In a youth obsessed culture, it’s nice to hear some benefits of aging. I recently found this incredible author & blogger (SMARTLIVING365.com) Kathy Gottberg, on Huffington Post. I liked her writing so much that I reached out to tell her about our local magazine, 55+ Living Guide, and that I would welcome sharing some of her articles with our audience. She positively obliged and now I’m sharing it with you. I hope you enjoy it.
I couple of years ago I turned 60. And while the number sounds much older than I feel, I am also extremely aware of how great my life is at the same time. In fact, thinking back I am hyperaware of how much my life has improved during the last 30 years. But how can that be? In a culture obsessed with youth, is it possible that we’ve all been misled about what happens as we age? Or maybe those of us who have lived to midlife and beyond stay too silent about the benefits? Either way, now is a good time to let those who follow know that not only can we get better as we age, but life itself can be more sweet, meaningful and SMART as it goes along.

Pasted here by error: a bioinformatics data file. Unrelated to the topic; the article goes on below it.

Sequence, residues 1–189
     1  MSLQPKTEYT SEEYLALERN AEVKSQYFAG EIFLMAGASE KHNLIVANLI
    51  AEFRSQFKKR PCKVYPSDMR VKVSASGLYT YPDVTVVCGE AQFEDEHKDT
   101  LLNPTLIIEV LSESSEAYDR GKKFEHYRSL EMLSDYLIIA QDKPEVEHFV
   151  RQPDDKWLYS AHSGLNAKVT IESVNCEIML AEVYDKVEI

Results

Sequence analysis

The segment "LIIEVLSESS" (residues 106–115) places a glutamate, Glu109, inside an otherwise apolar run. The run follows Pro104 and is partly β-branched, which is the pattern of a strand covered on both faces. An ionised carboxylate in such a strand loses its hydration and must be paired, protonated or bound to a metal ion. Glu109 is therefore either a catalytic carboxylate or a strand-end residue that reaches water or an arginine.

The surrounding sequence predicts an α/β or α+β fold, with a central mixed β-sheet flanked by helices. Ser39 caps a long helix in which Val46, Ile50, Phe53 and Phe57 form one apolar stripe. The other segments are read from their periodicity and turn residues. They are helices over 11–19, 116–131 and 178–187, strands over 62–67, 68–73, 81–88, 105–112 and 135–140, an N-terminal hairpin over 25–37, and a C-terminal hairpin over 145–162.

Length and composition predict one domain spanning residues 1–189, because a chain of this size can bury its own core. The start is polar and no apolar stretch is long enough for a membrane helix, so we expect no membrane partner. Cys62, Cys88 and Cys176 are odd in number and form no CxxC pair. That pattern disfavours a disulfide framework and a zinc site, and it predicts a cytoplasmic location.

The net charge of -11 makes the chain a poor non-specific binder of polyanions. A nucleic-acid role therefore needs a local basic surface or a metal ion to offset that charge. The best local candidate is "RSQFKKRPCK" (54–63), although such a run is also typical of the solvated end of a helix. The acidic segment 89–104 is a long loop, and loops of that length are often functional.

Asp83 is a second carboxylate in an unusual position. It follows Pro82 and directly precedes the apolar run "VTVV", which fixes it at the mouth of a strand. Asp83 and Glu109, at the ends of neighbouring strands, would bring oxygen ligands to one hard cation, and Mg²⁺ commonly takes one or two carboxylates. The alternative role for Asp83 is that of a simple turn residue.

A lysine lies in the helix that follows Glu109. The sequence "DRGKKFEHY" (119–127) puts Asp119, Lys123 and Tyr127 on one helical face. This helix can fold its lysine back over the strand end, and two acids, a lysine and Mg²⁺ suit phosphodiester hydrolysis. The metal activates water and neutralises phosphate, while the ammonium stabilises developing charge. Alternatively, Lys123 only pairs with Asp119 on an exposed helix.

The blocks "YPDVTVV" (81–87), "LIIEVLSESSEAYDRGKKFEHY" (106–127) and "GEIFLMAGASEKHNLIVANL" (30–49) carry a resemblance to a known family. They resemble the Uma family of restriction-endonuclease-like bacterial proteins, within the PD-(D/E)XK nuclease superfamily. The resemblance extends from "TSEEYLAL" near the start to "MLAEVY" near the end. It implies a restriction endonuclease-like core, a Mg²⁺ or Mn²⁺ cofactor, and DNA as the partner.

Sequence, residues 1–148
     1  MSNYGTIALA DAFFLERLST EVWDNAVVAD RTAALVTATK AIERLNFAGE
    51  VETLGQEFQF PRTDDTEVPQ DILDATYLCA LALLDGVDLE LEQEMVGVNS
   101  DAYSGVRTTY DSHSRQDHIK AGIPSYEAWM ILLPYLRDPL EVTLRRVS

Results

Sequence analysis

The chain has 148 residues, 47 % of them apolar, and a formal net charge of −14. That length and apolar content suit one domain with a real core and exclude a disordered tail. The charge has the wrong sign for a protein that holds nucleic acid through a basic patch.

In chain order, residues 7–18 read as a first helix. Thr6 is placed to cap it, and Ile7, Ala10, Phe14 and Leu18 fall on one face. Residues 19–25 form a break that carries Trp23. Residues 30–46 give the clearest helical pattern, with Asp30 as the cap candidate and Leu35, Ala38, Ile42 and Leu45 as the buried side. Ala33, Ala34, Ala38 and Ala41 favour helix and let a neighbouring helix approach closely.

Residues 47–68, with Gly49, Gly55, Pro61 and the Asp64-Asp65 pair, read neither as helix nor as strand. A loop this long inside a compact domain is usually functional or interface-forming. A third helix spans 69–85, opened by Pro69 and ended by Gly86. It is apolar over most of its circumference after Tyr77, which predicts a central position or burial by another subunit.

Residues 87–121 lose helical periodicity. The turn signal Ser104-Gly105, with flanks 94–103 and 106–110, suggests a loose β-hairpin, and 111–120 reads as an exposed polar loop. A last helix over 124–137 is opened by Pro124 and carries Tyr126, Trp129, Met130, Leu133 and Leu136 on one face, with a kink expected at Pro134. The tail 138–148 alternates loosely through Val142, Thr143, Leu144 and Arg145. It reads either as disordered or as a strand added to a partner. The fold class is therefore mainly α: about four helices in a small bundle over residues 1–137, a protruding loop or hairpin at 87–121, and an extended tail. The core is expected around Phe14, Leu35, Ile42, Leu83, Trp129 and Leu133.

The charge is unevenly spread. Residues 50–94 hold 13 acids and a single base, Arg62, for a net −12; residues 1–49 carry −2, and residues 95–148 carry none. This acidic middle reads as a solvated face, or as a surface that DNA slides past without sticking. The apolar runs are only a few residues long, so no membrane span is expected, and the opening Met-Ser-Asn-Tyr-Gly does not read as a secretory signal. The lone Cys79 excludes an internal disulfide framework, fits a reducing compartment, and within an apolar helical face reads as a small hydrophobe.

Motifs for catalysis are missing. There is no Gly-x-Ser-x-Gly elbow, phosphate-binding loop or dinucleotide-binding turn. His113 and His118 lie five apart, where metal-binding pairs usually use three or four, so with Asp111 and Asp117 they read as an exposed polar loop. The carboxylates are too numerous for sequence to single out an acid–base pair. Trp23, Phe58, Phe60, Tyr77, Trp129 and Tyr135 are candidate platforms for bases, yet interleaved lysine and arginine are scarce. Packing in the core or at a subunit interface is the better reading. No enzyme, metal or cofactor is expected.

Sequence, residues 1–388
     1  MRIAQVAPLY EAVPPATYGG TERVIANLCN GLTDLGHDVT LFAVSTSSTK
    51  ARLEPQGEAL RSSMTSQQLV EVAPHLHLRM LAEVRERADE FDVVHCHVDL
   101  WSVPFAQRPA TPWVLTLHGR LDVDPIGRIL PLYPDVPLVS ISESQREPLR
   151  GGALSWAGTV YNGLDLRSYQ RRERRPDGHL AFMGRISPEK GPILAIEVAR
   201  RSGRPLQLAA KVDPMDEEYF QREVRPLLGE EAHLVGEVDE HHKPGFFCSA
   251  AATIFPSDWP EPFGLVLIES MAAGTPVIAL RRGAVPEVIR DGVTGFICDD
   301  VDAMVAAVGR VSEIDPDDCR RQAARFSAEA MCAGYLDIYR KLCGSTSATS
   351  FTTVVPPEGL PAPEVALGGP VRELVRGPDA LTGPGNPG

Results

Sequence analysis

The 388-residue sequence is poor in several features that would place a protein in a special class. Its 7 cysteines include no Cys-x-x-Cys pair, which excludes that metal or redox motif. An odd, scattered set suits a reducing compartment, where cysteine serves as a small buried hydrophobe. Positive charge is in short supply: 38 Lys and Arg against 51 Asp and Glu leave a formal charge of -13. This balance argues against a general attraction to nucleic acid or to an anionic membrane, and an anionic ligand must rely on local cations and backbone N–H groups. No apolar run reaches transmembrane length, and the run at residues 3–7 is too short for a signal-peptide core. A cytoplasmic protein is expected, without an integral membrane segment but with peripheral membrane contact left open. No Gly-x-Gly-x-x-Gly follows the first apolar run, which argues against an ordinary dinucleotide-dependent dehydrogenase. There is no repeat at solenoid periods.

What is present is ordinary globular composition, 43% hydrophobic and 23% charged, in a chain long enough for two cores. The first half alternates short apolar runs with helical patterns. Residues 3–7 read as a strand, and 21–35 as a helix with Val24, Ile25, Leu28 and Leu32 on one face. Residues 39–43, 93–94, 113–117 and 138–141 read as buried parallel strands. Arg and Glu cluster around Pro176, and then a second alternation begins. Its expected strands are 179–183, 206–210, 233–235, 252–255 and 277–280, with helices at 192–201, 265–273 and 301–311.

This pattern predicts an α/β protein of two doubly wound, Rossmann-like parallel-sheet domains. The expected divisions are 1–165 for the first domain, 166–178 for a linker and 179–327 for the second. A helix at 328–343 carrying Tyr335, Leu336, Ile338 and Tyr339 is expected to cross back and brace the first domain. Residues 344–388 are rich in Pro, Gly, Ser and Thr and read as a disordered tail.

Here are the top ten ways my life has improved since turning 60:
1) My relationship and friendship with my husband is 100 times better. At 30, Thom and I had been married for eight years. Even though I loved him and our relationship was reasonably good, I had no idea at the time that our connection could grow as wide and deep as it is today. Words fall short of explaining this, but I am aware that who I am and what I have become all link back to my love and friendship with the man I met and married 40 years ago.
2) I am content with being me. Maybe some people know who they are at 30 but I sure didn’t. Looking back I doubt I even knew what I didn’t know. Sure we all have attachments, opinions and perspectives but are they ours, or just products of our education, influences and upbringing? After 60 years of living I’ve embraced and discarded enough to know what is really me and what isn’t. And while I’ll never stop growing and learning, the me that I’ve found is at peace.
3) My writing is satisfying and purposeful. I started writing in my late twenties with far more doubt than talent. After writing for over 30 years and suffering the highs and lows of the creative life, I finally claim the right to call myself a writer. While room to grow and develop continues to expand, right here, right now is a really good place to be.
4) I’m healthier now than I was then. In a culture obsessed with youth it is easy to equate good health to age. Wrong. At 30 I smoked cigarettes, never used sunscreen, drank sodas every day, ate masses of red meat, and consumed carbs like there was no tomorrow. Thankfully my body hasn’t held such poor treatment against me (at least too much!) Thanks to a much-improved diet, regular exercise and an active mind, my vitality, stamina and optimism doesn’t even compare.